A preoperative briefing lasting 2 minutes or less improves safety and communication in the operating room (OR) and reduces delays by more than 80%, say the authors of a new review.
Briefings and debriefings can improve teamwork in the OR, lead author Caitlin W. Hicks, MD, and colleagues write in an article published in July 9 in JAMA Surgery. Several prospective studies have shown that “use of preoperative briefings improves team communication, decreases disruptions to surgical workflow, improves compliance with antibiotic and deep vein thrombosis prophylaxis, and improves overall perceptions about the safety climate in the OR.” Teamwork training also was associated with an 18% mortality reduction compared with a 7% reduction among sites that did not receive this training, according to a recent analysis conducted at Veterans Administration facilities. In another study cited by the authors, the annual decline in surgical morbidity was 20% greater after the staff underwent teamwork training compared with teams that were not trained.
Preoperative briefings consist of more than just the standard preoperative time-out, Dr. Hicks, from the Department of Surgery, Johns Hopkins University, Baltimore, Maryland, and coauthors write. “In a briefing, team members introduce themselves by name and role; a traditional time-out is performed; and then a formal review by the anesthesiological, surgical, and nursing staff is performed.” It may sound time-consuming, but effective briefings can be accomplished in less than 2 minutes.
One of the biggest challenges to establishing a routine briefing is making it compatible with the hospital culture: local workflows often must be changed, and expectations of interactions among OR team members must be adjusted to accommodate the briefing. The hospital’s preexisting culture of safety also plays an important role. Checklists are essential to the briefing process, but their greatest benefit is seen in units that already have a high safety culture. “This indicates that, not surprisingly, the degree to which staff value and prioritize the briefing and debriefing process influences how effective it is,” the authors write. Some units will require training and reinforcement on the value of briefings and debriefings to strengthen their culture of safety. Consistent support from clinical and administrative leaders also is essential to making briefings and debriefings a permanent part of the OR routine.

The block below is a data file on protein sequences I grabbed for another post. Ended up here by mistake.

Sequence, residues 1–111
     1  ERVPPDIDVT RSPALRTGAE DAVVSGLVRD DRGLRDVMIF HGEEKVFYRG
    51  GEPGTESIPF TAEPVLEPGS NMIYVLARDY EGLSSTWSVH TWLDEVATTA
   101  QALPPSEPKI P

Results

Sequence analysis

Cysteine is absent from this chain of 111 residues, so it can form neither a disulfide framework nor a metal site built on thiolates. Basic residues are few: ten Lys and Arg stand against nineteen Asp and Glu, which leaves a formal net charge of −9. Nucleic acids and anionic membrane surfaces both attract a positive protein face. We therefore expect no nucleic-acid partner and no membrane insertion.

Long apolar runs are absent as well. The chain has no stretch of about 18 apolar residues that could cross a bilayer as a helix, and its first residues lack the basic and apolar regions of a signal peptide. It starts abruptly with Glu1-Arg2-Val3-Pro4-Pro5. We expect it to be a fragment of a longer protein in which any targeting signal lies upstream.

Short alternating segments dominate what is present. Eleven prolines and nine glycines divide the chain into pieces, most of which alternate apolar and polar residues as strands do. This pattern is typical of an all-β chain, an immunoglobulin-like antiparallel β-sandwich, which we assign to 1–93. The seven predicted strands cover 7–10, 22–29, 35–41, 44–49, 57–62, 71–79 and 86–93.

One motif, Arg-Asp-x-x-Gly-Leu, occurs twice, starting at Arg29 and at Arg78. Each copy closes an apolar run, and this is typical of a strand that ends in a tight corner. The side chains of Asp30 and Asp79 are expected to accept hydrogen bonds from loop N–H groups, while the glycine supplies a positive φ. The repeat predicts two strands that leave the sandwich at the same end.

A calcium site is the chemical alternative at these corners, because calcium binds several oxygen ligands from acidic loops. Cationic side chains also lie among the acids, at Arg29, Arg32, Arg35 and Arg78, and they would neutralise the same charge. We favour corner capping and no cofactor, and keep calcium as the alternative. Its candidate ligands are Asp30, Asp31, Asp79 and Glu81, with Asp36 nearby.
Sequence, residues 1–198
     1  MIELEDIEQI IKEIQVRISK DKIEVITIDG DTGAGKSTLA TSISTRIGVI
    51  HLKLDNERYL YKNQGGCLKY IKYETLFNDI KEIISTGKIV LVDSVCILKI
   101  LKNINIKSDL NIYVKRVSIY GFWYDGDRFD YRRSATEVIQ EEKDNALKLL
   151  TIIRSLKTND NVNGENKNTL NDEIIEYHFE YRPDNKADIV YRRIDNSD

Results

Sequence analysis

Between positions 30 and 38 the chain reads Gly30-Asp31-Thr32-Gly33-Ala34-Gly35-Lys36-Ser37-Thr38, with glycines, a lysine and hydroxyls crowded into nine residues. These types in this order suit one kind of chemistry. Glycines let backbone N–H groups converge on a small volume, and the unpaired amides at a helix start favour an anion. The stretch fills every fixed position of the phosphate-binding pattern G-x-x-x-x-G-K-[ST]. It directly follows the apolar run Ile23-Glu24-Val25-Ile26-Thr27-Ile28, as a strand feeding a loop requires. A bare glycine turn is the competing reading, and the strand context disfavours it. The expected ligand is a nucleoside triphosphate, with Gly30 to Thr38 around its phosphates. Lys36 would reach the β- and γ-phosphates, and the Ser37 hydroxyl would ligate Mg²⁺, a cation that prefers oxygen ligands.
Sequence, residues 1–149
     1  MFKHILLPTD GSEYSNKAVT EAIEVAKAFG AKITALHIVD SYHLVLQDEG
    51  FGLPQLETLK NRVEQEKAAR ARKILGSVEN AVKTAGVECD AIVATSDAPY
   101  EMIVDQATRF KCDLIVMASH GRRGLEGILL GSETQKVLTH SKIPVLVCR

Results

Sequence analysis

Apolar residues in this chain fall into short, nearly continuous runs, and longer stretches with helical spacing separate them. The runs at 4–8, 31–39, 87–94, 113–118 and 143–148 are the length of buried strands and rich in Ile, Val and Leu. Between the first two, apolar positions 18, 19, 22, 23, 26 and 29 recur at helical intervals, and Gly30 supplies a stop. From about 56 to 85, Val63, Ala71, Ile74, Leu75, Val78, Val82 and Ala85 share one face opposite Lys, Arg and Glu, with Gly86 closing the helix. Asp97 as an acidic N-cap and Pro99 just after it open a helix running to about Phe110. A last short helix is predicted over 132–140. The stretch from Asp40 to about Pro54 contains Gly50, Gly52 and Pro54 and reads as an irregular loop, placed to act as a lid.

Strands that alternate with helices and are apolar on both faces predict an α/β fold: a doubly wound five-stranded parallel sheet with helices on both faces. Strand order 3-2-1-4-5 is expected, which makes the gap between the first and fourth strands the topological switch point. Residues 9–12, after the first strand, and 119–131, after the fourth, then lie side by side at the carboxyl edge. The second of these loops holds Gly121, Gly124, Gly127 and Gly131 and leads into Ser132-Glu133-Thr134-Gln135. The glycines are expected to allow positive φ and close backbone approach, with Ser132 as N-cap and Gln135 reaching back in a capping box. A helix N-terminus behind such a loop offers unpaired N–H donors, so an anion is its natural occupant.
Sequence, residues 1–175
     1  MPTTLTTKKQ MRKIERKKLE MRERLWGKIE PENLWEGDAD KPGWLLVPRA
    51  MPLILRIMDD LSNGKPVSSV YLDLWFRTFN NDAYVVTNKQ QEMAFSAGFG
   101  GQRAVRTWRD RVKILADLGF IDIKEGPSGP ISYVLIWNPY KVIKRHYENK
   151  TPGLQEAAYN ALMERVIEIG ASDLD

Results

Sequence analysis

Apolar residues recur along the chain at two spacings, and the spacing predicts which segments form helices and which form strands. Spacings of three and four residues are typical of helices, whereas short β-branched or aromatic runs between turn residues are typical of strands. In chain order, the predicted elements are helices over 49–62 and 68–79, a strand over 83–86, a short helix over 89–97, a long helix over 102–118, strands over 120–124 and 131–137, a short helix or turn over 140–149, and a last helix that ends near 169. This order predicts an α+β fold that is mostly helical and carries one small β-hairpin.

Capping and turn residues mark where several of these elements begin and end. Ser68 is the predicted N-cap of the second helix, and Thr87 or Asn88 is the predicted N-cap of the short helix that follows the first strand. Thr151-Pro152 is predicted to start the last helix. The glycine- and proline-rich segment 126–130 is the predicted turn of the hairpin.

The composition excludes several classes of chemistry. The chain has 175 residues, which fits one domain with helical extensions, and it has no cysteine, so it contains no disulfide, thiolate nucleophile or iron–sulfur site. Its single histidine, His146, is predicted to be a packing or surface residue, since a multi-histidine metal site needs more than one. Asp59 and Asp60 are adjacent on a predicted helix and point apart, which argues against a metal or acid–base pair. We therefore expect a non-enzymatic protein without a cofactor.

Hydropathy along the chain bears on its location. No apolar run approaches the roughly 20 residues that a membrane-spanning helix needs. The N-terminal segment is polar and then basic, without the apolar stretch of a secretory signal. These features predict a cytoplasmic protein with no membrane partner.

At Johns Hopkins, the authors recently introduced an OR comprehensive unit-based safety program (CUSP) in the colorectal suite as part of an effort to reduce surgical site infections and improve OR culture and teamwork. “The goal of CUSPs is to educate providers on the science of safety and then empower, with the support of hospital leadership, frontline staff to identify and address preventable harm,” they write.
Using evidence-based practices, the team charged with developing the CUSP, consisting of nurses, surgeons, technicians, anesthesiologists, and certified registered nurse anesthetists, created a colorectal CUSP briefing checklist tailored to patients undergoing colorectal surgery. For example, the checklist has a section on steroid coverage as part of the preoperative time out. Also, during the briefing and debriefing, team members are encouraged to note any defects that might have affected the success of the case. Each week, a frontline nurse, supported by a nurse manager and an administrator, spends 4 to 6 hours reviewing and correcting the defects and communicating the results to the team members. As a result of these measures, the team was able to improve their procedure for isolating dirty surgical instruments used for bowel anastomosis, thus reducing the risk for surgical site infections.
Effective briefings and debriefings enhance OR safety and may be associated with better patient outcomes, the authors conclude. “Commitment by the participating providers is essential for effective briefings, which include discussion of relevant information pertaining to the procedure.”